At Patent Trial, Groupon Casts IBM as Shaking Down Other Tech Companies
A lawyer for discount e-commerce company Groupon Inc told a court in Delaware on Thursday that International Business Machines Corp has shaken down practically every large tech firm for patent fees.
IBM is suing Groupon for $167 million, accusing it of infringing four basic internet technology patents, in a case that is being closely watched by the tech industry.
Armonk, N.Y.-based IBM has portrayed itself as an innovator whose licensing fee requests are reasonable in light of its research and development costs. But Groupon is defending itself by trying to portray IBM as using outdated patents to squeeze money out of other tech companies with threats of litigation.
“IBM has approached every significant company in the web technology space asserting patents against them,” Groupon lawyer J. David Hadden said during cross-examination of IBM licensing executive Thomas McBride in federal court.
“If someone comes to me and says ‘pay me,’ I would view that as a demand,” Hadden said.
Two of the four patents in the case relate to Prodigy, IBM’s late-1980s precursor to the web. IBM’s patents describe commonplace internet technology like password management and online advertising.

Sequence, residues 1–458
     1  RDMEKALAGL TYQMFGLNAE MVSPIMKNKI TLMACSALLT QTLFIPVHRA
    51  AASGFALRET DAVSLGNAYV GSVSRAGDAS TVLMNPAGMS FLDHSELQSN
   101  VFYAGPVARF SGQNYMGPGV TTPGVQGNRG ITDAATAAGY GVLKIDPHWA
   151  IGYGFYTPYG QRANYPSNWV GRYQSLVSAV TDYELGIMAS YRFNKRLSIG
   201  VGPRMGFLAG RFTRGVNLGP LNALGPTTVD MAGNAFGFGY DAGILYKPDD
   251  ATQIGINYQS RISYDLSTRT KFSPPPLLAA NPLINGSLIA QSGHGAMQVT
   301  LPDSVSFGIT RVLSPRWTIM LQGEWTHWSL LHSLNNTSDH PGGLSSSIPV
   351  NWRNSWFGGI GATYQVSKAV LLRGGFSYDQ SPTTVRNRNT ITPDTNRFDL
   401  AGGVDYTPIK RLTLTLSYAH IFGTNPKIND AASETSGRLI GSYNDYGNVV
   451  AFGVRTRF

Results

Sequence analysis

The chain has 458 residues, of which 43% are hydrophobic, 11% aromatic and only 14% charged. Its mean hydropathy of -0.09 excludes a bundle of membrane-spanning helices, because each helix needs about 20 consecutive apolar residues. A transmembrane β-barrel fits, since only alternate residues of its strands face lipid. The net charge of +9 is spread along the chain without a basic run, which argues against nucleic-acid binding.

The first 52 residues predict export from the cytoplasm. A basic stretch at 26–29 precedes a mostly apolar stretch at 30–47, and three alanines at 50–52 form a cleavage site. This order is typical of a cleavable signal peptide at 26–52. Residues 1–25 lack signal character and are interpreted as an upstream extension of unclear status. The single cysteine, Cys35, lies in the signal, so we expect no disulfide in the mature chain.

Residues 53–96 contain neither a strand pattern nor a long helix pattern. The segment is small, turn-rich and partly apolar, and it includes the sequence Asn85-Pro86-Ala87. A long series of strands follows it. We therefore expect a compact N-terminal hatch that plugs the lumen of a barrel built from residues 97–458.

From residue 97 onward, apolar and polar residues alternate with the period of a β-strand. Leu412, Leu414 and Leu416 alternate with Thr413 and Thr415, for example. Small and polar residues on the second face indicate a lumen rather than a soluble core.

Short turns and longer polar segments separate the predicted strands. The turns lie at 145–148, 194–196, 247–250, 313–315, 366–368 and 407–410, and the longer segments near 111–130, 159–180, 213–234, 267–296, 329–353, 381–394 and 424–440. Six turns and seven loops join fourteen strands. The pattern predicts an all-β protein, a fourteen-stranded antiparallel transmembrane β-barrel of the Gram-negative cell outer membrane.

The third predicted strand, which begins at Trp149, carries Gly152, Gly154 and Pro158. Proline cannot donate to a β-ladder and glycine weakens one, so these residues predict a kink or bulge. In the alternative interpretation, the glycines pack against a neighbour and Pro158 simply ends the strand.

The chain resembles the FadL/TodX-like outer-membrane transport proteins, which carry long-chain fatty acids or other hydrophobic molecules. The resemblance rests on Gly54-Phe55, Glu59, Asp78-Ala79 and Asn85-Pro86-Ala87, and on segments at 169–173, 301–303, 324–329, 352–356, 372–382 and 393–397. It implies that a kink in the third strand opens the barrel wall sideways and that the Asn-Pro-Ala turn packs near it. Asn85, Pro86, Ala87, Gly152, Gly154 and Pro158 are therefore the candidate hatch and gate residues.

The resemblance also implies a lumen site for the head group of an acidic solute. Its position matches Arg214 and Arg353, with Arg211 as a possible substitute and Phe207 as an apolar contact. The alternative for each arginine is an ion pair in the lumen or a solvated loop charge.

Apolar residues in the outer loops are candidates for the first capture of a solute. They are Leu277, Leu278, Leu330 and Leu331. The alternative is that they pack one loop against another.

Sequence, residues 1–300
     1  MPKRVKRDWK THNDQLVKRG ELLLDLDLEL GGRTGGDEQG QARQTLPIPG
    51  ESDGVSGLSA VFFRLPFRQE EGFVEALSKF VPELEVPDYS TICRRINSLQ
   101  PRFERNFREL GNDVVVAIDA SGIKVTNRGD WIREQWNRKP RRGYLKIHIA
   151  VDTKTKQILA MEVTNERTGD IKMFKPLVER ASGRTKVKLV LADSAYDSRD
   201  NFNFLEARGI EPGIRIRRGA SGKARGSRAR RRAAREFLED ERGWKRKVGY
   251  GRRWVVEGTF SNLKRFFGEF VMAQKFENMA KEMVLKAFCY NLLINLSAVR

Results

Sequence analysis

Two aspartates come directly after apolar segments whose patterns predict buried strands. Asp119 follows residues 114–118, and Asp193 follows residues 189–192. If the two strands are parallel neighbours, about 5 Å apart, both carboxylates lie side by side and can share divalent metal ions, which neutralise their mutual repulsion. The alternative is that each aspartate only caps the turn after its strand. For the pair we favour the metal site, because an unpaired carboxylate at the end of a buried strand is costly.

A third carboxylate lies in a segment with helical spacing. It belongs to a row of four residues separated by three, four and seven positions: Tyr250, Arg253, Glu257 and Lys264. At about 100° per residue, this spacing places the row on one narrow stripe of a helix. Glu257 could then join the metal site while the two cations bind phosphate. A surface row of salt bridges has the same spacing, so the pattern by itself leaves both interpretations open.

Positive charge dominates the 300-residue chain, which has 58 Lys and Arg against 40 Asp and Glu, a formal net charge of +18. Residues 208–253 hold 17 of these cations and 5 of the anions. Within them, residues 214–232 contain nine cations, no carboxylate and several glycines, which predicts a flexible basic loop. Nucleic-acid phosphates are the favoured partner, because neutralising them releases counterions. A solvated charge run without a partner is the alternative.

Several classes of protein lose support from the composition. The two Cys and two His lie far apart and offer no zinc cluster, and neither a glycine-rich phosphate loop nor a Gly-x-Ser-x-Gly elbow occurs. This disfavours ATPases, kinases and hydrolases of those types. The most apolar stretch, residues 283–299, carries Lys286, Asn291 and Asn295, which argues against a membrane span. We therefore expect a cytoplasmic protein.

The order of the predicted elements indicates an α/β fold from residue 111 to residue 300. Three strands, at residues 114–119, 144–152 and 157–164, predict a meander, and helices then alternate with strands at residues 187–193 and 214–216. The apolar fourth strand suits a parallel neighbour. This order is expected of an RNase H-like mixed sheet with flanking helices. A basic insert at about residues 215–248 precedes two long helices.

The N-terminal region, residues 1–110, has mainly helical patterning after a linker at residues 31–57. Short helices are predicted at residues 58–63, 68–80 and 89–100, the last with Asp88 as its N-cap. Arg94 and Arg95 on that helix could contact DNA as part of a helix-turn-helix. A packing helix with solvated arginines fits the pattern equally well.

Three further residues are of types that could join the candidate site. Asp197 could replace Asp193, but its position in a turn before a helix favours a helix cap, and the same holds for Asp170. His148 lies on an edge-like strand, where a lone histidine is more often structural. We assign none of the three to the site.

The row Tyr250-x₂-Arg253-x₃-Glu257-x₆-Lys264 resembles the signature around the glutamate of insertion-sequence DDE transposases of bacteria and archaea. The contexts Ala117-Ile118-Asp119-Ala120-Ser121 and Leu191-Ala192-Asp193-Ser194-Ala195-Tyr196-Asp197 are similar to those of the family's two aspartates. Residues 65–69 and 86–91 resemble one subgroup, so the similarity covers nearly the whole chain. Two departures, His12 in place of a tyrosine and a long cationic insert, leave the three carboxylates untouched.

McBride disputed Hadden’s assertion that IBM has approached every major web-based company, but said it had engaged in discussions with companies like Yelp Inc and Airbnb Inc, among others. An IBM spokesman told Reuters it had not reached licensing deals with Yelp and Airbnb.
McBride said license fees help it recoup the billions it spends on R&D and reach productive arrangements with other innovative companies. IBM has secured more U.S. patents than any other company for the past 25 years.
Earlier on Thursday, McBride described licensing agreements the company has previously struck with Amazon, Facebook , Alphabet’s Google, LinkedIn and Twitter , who have paid IBM fees ranging from $20 million to $50 million each.
Hadden also questioned McBride about IBM sales to so-called “patent trolls,” who hold intellectual property solely for the purpose of filing lawsuits and have been widely criticized in the tech industry.
A lawyer for IBM objected to the questioning, saying it was irrelevant, but the judge instructed McBride to answer.
McBride said IBM was “selective” about who it sells patents to and strikes such deals in part to protect itself from trolls.
“If a patent troll wants to buy a patent from us then we insist on a covenant not to sue IBM,” McBride said. “We achieve some level of protection from being sued ourselves.” (Reporting by Jan Wolfe; Editing by Anthony Lin and Rosalba O’Brien)
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